Effective C#: 50 Specific Ways to Improve Your C#

Author: Bill Wagner
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by anonymous   2019-01-13

Solutions

You can use one of the following—

1: Conditional attribute

The Conditional attribute indicates to compilers that a method call or attribute should be ignored unless a specified conditional compilation symbol is defined.

Code example:

[Conditional("DEBUG")]
static void Method() { } 

2: #if preprocessor directive

When the C# compiler encounters an #if preprocessor directive, followed eventually by an #endif directive, it compiles the code between the directives only if the specified symbol is defined. Unlike C and C++, you cannot assign a numeric value to a symbol. The #if statement in C# is Boolean and only tests whether the symbol has been defined or not.

Code example:

#if DEBUG
    static int testCounter = 0;
#endif 

3: Debug.Write methods

Debug.Write (and Debug.WriteLine) writes information about the debug to the trace listeners in the Listeners collection.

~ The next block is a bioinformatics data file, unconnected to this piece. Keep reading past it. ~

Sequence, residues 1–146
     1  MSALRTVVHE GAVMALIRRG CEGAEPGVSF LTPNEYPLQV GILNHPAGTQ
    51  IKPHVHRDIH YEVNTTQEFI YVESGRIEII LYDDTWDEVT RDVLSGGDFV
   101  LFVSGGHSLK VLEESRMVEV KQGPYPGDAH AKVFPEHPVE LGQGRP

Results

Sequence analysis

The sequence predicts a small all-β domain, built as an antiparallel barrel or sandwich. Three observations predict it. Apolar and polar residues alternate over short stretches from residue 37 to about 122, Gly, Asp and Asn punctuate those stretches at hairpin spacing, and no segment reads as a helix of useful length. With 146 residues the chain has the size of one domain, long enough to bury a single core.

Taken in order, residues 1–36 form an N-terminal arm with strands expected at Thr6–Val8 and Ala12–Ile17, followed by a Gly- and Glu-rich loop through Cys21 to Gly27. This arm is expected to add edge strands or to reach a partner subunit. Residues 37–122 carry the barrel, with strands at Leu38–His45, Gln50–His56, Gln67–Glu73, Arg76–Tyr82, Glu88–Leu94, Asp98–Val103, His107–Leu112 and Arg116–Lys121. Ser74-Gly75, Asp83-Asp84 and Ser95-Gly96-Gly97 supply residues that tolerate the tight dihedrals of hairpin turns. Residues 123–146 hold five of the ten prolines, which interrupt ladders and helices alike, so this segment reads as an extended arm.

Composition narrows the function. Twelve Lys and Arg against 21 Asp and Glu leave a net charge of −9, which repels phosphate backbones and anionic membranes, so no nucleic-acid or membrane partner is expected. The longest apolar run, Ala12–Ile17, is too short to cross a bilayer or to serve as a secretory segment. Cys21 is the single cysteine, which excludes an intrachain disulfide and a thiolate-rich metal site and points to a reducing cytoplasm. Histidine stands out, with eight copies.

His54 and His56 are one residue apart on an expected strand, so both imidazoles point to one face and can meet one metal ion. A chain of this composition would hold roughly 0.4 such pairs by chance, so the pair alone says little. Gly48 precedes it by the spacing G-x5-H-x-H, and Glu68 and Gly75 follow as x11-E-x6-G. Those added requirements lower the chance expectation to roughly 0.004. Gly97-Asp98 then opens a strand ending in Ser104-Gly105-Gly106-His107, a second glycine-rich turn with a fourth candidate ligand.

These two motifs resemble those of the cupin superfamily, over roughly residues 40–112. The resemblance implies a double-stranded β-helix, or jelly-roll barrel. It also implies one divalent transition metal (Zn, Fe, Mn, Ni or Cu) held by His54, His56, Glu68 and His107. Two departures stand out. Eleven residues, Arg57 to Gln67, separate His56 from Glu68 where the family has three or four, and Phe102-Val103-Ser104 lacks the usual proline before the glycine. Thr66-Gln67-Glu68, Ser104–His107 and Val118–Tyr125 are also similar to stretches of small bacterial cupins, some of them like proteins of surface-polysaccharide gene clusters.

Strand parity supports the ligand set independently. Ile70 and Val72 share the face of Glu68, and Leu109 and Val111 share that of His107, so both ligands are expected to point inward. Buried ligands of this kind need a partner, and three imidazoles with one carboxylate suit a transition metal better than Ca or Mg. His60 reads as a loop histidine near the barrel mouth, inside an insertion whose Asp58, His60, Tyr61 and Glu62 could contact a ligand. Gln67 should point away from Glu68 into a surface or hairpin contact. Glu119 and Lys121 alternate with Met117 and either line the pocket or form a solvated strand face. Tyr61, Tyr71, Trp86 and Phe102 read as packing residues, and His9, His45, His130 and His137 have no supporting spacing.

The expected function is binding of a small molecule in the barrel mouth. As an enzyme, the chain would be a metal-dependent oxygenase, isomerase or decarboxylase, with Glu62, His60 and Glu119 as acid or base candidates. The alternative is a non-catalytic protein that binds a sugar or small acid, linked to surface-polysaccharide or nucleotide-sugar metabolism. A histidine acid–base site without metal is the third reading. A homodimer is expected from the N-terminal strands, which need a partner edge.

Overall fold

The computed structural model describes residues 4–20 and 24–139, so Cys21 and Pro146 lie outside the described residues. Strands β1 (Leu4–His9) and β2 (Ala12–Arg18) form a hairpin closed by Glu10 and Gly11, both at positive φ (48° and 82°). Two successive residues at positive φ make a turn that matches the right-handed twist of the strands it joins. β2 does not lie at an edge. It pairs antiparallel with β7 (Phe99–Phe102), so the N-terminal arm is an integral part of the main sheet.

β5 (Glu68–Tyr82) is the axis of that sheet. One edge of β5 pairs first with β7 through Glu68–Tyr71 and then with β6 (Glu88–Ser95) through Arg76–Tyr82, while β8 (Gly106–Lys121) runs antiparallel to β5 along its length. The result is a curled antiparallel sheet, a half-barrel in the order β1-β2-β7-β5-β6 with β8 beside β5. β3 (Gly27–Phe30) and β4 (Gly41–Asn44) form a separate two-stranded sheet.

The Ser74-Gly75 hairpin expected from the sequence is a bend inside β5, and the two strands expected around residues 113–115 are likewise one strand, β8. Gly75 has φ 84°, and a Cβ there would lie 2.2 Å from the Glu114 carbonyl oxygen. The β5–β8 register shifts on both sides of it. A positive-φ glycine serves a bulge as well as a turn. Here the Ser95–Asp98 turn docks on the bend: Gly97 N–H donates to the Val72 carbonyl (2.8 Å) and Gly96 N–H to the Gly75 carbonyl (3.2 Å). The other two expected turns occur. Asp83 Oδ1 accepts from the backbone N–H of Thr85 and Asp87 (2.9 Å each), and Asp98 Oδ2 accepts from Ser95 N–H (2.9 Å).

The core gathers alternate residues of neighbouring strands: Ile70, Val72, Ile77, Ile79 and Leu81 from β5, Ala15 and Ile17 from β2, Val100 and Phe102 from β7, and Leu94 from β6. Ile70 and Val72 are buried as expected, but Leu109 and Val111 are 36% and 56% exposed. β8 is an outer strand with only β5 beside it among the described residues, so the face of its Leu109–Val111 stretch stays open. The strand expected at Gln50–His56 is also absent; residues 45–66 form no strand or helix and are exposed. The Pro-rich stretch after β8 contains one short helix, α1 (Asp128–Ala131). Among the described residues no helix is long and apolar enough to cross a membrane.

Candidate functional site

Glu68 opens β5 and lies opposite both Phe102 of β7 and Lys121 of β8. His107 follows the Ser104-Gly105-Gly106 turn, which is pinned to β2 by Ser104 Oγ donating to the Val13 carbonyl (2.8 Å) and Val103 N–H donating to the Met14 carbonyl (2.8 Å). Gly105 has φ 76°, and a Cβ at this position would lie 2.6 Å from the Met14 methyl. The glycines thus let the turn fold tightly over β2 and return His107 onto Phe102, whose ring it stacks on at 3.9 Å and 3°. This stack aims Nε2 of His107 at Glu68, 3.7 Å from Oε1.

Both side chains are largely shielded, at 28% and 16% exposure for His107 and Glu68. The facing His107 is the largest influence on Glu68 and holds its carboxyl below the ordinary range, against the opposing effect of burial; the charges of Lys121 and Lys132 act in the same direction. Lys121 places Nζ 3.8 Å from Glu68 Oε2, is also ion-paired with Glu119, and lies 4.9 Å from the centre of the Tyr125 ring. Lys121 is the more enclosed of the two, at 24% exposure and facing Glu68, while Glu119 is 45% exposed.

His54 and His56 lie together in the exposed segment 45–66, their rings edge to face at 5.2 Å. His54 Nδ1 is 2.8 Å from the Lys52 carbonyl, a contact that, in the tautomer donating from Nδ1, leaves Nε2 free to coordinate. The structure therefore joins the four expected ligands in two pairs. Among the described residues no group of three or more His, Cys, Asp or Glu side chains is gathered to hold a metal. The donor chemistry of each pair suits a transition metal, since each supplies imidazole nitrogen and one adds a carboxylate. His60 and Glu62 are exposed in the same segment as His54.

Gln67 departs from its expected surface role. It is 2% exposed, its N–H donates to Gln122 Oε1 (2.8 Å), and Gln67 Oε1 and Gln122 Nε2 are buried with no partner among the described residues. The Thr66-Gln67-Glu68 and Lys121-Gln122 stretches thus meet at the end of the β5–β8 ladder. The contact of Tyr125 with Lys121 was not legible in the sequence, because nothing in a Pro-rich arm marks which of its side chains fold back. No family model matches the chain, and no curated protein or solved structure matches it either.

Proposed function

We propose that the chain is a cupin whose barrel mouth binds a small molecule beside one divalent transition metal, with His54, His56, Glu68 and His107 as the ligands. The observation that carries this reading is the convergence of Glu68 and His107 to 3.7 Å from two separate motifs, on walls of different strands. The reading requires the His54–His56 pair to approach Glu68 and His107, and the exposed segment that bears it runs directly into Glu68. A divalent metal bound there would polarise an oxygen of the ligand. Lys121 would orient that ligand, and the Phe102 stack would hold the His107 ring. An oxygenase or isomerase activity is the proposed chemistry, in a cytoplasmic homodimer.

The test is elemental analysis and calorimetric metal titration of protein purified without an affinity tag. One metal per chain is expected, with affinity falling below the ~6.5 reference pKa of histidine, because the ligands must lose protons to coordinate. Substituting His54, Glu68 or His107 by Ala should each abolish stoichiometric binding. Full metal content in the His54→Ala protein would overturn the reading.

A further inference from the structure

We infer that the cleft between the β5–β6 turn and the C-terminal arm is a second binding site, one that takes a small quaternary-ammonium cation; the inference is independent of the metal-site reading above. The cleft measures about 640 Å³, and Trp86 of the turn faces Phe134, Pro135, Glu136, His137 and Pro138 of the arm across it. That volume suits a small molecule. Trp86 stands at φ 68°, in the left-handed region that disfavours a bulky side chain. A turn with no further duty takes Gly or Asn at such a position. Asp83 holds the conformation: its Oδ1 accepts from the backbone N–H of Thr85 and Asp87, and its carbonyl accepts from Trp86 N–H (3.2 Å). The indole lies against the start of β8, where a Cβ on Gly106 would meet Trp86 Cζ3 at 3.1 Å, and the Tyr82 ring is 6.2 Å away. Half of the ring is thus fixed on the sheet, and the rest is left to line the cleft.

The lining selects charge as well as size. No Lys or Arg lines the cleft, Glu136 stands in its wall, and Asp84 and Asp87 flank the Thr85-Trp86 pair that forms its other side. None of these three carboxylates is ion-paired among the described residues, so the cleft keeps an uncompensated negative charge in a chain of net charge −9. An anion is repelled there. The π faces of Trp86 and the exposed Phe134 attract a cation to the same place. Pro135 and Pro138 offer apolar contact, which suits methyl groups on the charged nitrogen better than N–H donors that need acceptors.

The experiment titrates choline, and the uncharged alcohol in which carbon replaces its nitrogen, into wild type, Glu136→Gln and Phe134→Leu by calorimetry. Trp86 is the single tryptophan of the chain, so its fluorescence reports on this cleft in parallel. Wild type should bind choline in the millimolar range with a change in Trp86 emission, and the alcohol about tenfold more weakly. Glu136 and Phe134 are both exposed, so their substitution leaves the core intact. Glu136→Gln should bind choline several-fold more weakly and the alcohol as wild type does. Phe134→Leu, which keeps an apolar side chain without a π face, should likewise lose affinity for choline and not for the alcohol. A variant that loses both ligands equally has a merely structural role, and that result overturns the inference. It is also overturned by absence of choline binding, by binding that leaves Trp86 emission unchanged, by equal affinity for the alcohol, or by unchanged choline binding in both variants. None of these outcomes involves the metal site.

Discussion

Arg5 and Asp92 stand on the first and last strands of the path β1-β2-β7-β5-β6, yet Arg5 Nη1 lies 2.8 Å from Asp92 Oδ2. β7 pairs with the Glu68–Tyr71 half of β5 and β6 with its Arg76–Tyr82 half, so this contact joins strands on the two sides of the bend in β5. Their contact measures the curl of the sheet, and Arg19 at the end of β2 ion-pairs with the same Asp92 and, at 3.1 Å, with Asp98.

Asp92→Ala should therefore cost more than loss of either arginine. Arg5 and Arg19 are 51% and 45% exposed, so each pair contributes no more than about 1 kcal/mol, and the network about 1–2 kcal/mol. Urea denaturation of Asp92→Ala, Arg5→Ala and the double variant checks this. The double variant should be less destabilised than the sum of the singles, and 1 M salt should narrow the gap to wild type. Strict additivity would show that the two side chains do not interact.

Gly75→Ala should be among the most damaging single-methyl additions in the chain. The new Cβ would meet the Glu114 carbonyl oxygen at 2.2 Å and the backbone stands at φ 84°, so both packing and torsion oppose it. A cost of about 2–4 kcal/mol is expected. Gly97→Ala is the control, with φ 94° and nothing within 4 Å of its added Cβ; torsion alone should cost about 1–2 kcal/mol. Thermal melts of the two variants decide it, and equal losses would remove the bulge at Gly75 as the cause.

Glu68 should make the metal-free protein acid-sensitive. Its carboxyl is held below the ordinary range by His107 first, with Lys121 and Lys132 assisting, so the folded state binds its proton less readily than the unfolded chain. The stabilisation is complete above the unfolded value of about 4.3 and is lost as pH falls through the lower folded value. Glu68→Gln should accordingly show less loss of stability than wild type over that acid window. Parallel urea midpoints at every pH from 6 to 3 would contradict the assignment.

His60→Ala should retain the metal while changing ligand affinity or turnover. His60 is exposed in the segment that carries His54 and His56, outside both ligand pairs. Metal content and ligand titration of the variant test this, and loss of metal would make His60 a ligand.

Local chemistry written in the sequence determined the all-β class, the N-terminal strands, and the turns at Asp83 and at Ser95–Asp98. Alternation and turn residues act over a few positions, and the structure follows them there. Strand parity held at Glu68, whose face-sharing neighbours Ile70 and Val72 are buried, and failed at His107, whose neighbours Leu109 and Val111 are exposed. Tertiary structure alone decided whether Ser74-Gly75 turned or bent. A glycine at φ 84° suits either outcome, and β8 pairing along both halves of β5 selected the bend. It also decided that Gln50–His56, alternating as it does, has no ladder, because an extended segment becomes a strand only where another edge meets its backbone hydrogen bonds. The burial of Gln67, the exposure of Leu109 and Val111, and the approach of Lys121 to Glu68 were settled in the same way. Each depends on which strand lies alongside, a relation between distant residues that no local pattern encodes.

See also Debug.WriteIf and Debug.WriteLineIf.

Code example:

Debug.Write("Something to write in Output window.");

Notes

Beware of using #if directive since it can produce unintended situations in Release build. For example, see:

    string sth = null;
#if DEBUG
    sth = "oh, hi!";
#endif
    Console.WriteLine(sth);

In this case, non-Debug build will print a blank message. But, this potentially may raise NullReferenceException in a different case.

Read more

See also

There is also a tool, DebugView, which allow to capture debug information from external applications.

by pbz   2017-08-20

I would recommend Effective C# by Bill Wagner (first edition and second edition). He goes through a number of language constructs and techniques and explains which ones are faster and why. He touches on a lot of best practices as well.

More often than not, however, optimizing your algorithm will give you far better results than using any kind of language / optimization technique.

by anonymous   2017-08-20

How about Effective C#?

by anonymous   2017-08-20

Bill Wagner has a chapter about this in his book "effective c#" (http://www.amazon.com/Effective-Specific-Ways-Improve-Your/dp/0321245660). He concludes by using the following principle:

  1. Is the main responsability of the type data storage?
  2. Is its public interface defined entirely by properties that access or modify its data members?
  3. Are you sure your type will never have subclasses?
  4. Are you sure your type will never be treated polymorphically?

If you answer 'yes' to all 4 questions: use a struct. Otherwise, use a class.